According to the Organisation for Economic Co-operation and Development (OECD), the volume of world trade is declining this year and will fall short of expectations.
The latest collapse in trade growth has caused many analysts to believe, after many decades, that globalization is finally stalling. This is just one many factors contributing to the flattening of world economic output.
“Trade growth rates have deteriorated dramatically since the financial crisis,” commented OECD chief economist Catherine Mann. “Some people might say this is a good thing. No, this is damaging and it shows up as a decline in productivity growth.”
With its latest warnings, the OECD lowered its global growth expectations by 0.1% this year and 0.3% next year. While those numbers seem small, it represents hundreds of billion in lost economic potential.
The OECD also lowered its growth forecast for Canada to a measly 1.2%, lower than its last forecast in June. Growth expectations for next year were lowered by 2.1% from 2.2%.
The growth forecast for Canada’s largest trade partner, the U.S. were also lowered dramatically. Its GDP for 2016 is now expected to rise only 1.4%, a significant trim from June’s forecast calling for 1.8% growth.
These revised forecasts couldn’t have come at a worse time for Canada.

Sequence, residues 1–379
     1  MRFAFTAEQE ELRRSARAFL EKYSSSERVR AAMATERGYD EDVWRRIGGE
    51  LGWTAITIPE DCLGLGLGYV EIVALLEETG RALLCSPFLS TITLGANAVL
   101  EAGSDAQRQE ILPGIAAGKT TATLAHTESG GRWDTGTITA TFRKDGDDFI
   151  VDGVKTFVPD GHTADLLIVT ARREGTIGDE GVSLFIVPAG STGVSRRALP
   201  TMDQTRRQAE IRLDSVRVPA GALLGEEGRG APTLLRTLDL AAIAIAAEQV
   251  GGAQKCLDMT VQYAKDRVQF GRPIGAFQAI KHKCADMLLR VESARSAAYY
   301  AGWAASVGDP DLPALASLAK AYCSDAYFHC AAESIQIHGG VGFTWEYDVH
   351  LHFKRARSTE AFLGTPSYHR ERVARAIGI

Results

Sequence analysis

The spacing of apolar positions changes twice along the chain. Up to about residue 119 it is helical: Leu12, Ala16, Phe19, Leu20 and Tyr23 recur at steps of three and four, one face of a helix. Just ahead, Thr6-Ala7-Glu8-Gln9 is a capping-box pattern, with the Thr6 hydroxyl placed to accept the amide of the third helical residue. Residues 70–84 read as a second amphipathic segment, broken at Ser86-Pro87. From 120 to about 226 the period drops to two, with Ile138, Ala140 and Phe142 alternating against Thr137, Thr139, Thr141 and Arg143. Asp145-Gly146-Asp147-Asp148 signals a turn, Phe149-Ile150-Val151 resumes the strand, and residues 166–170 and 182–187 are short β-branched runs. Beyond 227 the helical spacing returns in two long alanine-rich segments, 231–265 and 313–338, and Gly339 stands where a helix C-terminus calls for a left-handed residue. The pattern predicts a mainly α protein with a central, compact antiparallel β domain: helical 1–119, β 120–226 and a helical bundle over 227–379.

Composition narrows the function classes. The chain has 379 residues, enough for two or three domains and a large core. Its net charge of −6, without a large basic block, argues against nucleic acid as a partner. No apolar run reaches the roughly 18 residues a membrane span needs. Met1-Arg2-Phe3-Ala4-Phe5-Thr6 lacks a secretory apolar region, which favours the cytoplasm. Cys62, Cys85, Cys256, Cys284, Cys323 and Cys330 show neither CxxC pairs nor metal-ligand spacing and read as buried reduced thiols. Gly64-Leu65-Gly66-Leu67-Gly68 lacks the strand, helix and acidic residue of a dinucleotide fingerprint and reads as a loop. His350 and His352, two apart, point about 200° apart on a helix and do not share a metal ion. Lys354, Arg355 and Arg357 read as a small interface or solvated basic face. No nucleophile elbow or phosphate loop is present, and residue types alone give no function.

On the brink of disaster
The dramatic fall in oil prices has caused economic turmoil in places like Alberta and Saskatchewan. Other regions such as British Columbia and Ontario have survived thus far due to rapidly rising real estate markets in their biggest cities, Toronto and Vancouver.
Those tailwinds are now coming to an end.
According to the Canadian Real Estate Association, sales of existing Canadian homes fell in August–the fourth straight month of volume declines.
The drop–the largest monthly decline in two years–was preceded by a tax on foreign buyers in Vancouver. House purchases in Vancouver declined by 26% in August compared with the same month a year earlier.
Benjamin Tal, an economist at Canadian Imperial Bank of Commerce (TSX:CM)(NYSE:CM), believes that Toronto will inevitably have to enact a tax too, likely putting an end to a multi-year housing market rise. “Policymakers have to use demand tools to deal with what is essentially a supply problem,” he said. “Ontario will have little choice but to do the same.”
A triple whammy
Low oil prices, peaking real estate markets, and falling growth forecasts could push Canada over the edge.
Canadians themselves are mired in more debt than ever. In June, Statistics Canada reported that the debt-to-disposable income ratio for the average Canadian is 165%–near record highs. For every $1 of disposable income, the average person now has $1.65 in debt.
Canada has seen the largest increase in household debt relative to income of any major developed country since 2000.
The parliamentary budget office also released a report predicting that debt levels will continue to rise over the next five years as interest rates normalize.
“Household debt-servicing capacity will become stretched further as interest rates rise to ‘normal’ levels over the next five years,” the report said. “Based on PBO’s projection, the financial vulnerability of the average household would rise to levels beyond historical experience.”
Trouble may be coming for the Canadian economy.